7 Fighting Games That Need to Be Remade

Not everyone agrees about the value of video game remakes and remasters, but we find them to be a great way of keeping the classics alive and available for new generations of gamers. They’re also a handy way for developers and publishers to keep making money on their back catalogs. When it comes to fighting games, some might argue that there’s no point in remastering them because each new installment builds on what came before, but we think this is nonsense. Classic fighting games are composed of a delicate balance of characters and features that can easily get lost in a sequel.

Here are some of the fighting games that definitely need to be remade for current platforms.

1. Marvel vs. Capcom 2

Have you ever wondered who would win in a fight between Spider-Man and Mega Man? If you have, then you’re in luck, because there’s a whole series of fighting games dedicated to answering this question and many others like it. Marvel vs. Capcom 2 lets you duke it out between a whole host of video game characters and superheroes like Mega Man, Ryu, Captain America, and Wolverine. And guess what? It’s just as fun as it sounds.

Fighting games that feature crossovers between two universes of characters are nothing new, but despite coming out in 2000, Marvel vs. Capcom 2 is the best of the bunch — and it ranks as one of the best fighting games of all time. Not only does it have an incredible roster, but it also provides each character with a set of easy-to-learn moves, making it more accessible than most fighting games. It’s a cool idea that’s wonderfully executed, and it’s high time to bring it back with a remaster.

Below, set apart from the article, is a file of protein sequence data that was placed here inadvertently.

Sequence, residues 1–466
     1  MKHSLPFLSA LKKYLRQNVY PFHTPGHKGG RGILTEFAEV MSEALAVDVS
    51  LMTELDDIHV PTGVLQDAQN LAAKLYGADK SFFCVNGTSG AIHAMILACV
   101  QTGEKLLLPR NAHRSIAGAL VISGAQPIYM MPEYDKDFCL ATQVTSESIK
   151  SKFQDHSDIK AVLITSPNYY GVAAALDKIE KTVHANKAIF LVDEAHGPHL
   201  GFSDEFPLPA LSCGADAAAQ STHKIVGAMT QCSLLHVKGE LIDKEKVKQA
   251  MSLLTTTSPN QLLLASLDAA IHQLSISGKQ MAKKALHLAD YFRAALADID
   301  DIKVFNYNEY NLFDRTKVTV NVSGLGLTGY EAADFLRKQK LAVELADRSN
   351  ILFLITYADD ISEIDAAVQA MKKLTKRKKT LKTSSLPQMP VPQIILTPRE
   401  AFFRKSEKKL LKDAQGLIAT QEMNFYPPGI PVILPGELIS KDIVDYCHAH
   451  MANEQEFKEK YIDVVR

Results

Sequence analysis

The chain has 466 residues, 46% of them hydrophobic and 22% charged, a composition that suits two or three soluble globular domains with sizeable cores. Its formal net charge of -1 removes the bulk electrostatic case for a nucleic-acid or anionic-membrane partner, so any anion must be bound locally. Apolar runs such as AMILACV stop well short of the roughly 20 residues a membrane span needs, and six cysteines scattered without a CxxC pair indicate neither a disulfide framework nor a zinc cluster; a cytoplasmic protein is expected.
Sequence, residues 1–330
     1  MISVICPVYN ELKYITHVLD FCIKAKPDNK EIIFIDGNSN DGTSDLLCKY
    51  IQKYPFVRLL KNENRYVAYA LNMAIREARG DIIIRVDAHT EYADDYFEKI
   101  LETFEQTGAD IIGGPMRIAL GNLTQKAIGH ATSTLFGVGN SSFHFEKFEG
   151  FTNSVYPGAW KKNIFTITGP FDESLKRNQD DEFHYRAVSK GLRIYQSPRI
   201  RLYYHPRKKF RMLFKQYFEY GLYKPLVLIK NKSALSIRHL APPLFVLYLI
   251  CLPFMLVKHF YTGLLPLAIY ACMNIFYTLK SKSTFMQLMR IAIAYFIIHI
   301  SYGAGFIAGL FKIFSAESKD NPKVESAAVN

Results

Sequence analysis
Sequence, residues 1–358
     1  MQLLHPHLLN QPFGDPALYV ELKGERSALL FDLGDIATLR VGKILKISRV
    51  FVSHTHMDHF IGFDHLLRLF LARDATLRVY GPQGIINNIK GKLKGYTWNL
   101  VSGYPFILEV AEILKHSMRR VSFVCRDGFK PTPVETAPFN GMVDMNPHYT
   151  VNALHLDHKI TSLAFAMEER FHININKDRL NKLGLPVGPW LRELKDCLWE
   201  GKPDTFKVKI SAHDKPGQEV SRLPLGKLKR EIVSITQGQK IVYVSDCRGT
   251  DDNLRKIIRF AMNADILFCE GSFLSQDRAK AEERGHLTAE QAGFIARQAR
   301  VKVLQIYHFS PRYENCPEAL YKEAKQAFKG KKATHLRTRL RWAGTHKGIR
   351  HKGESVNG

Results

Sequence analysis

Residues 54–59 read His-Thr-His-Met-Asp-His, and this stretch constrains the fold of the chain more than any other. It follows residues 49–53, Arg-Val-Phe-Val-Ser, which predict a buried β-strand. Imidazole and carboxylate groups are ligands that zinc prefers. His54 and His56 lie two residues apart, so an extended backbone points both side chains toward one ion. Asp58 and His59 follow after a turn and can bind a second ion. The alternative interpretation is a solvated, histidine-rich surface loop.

2. Primal Rage

Most fighting games have ridiculous story lines — there’s only so much you can do to explain why a whole roster of unique supernatural fighters are gathering to pound each other to paste. Even among stiff competition, Primal Rage might have the most off-the-wall backstory.

It takes place on Urth, a post-apocalyptic version of our very own planet that’s devolved into a Stone Age-like existence. And, wouldn’t you know it, the continents have realigned so they look like a fire-breathing skull from above. The world is ruled by seven beasts who happen to dislike each other quite a bit, which is why they fight to the death using special abilities and ghastly finishing moves. The game was popular in its day, but it hasn’t exactly stood the test of time. That’s why it needs to be remade as a modern fighting game.

3. SoulCalibur

Dreamcast was the first of its console generation to launch, so when SoulCalibur came out for the system in 1999, there was virtually nothing else on the console market that looked this good. From the detailed character models to the smooth, flowing animations, SoulCalibur blew away its competition. Even the game’s story outclasses its competition, by bringing all kinds of disparate fighters from various time periods together in search of a special sword.